This is a story of institutions, work and habits changing out of recognition – and how we can improve our position and the country once we’re heard.
His best hope of success in British politics is to boost his chances in elections by dividing the Conservatives and plundering their vote.
That was the norm of the past ten years, in the form of Farage’s parties. There’s no reason to assume that a new challenger won’t emerge.
They don’t talk about politics in daily life; don’t write to local or national newspapers; most importantly, they’re not politically active online.
If the Housing Secretary is to survive, he will have to learn the art of sometimes saying no to property developers such as Richard Desmond.
“From here, I’m afraid, the journey is all too obvious. The only way to prevent this is to reverse the re-racialisation of our society.”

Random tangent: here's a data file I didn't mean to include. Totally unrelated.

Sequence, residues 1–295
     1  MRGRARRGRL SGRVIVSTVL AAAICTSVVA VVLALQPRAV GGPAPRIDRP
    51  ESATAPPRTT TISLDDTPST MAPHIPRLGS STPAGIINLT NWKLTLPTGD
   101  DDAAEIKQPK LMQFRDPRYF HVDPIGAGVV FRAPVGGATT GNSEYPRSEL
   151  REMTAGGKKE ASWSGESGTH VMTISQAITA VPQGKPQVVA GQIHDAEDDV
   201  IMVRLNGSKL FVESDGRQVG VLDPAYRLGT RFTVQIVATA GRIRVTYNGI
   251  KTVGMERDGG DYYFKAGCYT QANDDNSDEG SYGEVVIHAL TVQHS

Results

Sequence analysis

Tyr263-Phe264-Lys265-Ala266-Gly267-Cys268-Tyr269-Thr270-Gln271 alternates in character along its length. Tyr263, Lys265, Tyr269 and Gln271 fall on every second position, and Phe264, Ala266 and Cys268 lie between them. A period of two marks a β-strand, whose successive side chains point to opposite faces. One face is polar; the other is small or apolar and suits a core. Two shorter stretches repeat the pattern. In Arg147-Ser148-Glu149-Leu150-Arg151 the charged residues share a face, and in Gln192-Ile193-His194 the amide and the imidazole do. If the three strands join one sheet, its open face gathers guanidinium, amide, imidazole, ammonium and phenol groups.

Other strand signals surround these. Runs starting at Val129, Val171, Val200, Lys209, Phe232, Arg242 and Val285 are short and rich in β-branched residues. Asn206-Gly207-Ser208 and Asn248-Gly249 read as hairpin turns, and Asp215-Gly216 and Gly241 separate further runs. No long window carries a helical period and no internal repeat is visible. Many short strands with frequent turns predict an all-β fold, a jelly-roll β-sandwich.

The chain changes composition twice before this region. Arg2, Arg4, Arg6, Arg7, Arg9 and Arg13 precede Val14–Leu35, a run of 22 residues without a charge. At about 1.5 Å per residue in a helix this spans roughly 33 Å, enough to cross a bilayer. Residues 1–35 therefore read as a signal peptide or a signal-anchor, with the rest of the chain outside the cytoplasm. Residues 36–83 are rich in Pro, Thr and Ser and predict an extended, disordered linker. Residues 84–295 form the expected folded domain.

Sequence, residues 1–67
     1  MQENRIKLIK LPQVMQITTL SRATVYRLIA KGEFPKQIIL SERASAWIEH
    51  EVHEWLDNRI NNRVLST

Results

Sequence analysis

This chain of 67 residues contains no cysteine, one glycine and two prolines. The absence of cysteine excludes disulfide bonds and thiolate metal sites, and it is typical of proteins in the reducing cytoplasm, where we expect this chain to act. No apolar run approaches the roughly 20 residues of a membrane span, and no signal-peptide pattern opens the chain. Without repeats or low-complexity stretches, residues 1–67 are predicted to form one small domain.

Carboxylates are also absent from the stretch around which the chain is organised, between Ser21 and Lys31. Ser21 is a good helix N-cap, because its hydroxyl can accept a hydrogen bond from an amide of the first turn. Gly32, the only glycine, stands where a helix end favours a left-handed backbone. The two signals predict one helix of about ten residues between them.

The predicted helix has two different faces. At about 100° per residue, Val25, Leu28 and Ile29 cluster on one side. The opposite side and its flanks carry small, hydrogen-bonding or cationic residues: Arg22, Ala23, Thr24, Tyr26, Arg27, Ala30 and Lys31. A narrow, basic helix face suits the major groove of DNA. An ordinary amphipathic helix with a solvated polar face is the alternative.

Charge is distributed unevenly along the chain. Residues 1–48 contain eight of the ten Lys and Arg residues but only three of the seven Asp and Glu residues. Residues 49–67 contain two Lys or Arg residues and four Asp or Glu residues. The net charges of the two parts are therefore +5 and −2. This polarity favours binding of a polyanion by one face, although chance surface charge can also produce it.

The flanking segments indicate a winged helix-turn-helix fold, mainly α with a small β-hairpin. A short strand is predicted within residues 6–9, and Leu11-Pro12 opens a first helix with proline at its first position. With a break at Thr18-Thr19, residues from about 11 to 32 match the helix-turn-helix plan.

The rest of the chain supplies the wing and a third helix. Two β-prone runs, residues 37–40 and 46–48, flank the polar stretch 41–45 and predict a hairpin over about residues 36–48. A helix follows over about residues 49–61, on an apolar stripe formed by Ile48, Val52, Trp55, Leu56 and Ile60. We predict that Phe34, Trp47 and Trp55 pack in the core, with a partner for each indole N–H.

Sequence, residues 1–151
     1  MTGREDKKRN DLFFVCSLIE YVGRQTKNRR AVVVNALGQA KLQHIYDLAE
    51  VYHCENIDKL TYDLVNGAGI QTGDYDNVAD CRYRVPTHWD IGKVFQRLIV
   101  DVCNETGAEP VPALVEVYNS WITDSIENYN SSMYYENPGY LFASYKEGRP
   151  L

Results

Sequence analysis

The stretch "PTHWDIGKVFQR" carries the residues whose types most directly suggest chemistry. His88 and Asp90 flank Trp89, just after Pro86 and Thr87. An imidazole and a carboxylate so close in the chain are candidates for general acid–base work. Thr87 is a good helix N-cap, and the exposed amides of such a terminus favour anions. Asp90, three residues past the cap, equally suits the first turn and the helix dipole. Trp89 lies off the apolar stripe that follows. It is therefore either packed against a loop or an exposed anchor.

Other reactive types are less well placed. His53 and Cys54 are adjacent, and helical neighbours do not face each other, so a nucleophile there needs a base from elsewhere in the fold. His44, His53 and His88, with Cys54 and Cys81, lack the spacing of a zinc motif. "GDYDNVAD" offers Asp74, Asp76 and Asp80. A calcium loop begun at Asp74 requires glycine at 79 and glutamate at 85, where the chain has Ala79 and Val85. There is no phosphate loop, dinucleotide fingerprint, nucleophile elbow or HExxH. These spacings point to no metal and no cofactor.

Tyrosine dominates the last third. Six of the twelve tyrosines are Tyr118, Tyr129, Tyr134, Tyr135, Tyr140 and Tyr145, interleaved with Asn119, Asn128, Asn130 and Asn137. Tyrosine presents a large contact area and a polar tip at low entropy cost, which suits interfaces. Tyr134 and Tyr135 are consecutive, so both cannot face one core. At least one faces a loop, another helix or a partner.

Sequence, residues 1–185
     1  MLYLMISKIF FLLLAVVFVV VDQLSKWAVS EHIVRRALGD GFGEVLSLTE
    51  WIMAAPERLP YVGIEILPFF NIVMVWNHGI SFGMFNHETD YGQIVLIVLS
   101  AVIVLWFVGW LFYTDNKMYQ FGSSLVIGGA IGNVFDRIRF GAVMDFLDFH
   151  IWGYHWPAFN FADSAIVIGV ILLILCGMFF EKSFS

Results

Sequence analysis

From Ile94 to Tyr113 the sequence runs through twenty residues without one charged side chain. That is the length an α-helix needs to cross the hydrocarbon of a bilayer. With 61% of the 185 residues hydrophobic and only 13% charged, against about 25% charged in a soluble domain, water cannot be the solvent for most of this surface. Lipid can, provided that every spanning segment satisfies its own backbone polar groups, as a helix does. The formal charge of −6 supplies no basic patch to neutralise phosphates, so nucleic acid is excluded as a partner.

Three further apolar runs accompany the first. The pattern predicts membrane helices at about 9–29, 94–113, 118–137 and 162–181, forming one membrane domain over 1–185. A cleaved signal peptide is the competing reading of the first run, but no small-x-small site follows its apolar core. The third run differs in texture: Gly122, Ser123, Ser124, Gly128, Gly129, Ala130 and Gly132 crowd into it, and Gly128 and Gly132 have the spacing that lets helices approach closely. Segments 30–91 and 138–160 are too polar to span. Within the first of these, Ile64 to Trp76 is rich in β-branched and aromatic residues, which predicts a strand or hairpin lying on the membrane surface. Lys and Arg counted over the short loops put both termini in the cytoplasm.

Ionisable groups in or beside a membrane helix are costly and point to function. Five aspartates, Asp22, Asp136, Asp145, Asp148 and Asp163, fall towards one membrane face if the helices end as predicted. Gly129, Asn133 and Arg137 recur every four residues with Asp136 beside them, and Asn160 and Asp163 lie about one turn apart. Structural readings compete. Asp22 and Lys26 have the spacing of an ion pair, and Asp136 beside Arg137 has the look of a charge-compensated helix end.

The Party is keen to keep a lid on the issue ahead of next year’s Welsh elections, but disaffected activists and challenger parties are putting it on the agenda.
The nub of the matter is that without changes to the law the entrants will keep coming to Britain.
How the Conservatives are winning and Labour losing the working class – a pattern that the latter’s leadership candidates are set to repeat.
The second piece in our mini-series on the road to Brexit explores the challenges which the anti-EU movement overcame to survive and then thrive.
His ‘Contract with the People’ makes an effort to stake out some new territory for the People’s Army, but he faces an uphill climb.
A new study asks good questions without providing good answers.
It is perhaps not surprising that a majority of activists believe, however narrowly, that it makes sense to work with another party that wants to leave the EU.
The speeding up of turnover rates has almost nothing to do with shifts to the right or left, and much more to do with wider cultural change in Parliament.
Plus: Why won’t Corbyn come on LBC and give an interview? He hasn’t done once since becoming Labour leader.